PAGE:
Tracking dinosaurs in Scotland

Clark, N.D.L. (2005) Tracking dinosaurs in Scotland. Open University Geological Society Journal, 26(2), pp. 30-35.

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Abstract

Dinosaurs, the Loch Ness Monster not included, are a rarity in Scotland. Although dinosaurs have been known of in England and elsewhere in the world for over 300 years, it was only in the last 23 years that dinosaurs began to appear in Scotland. The first discovery of dinosaur remains on the Isle of Skye was that of a single 49cm long ornithopod footprint discovered in 1982. Since then dinosaur footprints and trackways have turned up in Bathonian rocks of the Middle Jurassic Valtos Sandstone, Duntulm and the Kilmaluag Formations. Dinosaur bones have also been found in rocks of Hettangian, Bajocian and Bathonian age.

A story of broken limbs, helicopters and restricted access due to dangerous rockfalls, dinosaur hunting and tracking is still a dangerous sport in Scotland, not to be undertaken by the faint hearted. The Isle of Skye can be regarded as one of the foremost Middle Jurassic sites for dinosaur remains worldwide and continues to reveal its world-record-breaking secrets more and more, every year.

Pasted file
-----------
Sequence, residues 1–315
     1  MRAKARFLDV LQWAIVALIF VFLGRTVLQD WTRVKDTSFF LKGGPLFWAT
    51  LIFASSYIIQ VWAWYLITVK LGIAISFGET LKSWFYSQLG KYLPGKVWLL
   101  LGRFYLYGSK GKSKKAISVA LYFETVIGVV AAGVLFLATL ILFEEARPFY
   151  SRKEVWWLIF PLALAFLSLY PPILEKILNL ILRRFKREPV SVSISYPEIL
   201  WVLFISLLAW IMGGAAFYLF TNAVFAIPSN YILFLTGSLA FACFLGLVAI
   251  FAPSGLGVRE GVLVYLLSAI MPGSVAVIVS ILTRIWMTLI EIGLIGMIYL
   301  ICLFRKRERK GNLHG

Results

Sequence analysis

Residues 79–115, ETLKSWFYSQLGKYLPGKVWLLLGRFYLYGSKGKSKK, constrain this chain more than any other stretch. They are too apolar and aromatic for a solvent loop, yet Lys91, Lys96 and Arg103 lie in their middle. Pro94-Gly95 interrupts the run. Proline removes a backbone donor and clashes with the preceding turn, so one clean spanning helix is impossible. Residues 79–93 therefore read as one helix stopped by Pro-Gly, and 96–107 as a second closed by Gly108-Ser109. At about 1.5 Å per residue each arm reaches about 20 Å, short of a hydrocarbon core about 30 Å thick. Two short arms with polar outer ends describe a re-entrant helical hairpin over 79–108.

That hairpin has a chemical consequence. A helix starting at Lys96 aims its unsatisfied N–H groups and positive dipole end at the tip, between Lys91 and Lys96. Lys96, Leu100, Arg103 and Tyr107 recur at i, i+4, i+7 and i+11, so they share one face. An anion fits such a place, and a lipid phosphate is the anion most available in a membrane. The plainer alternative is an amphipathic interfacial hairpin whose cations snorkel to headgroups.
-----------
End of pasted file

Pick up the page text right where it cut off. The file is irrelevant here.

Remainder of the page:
Item Type:Articles (Other)
Status:Published
Refereed:Yes
Glasgow Author(s) Enlighten ID:Clark, Dr Neil
Authors: Clark, N.D.L.
College/School:University Services > Library and Collection Services > Museum and Art Gallery
Journal Name:Open University Geological Society Journal
ISSN:0143-9472

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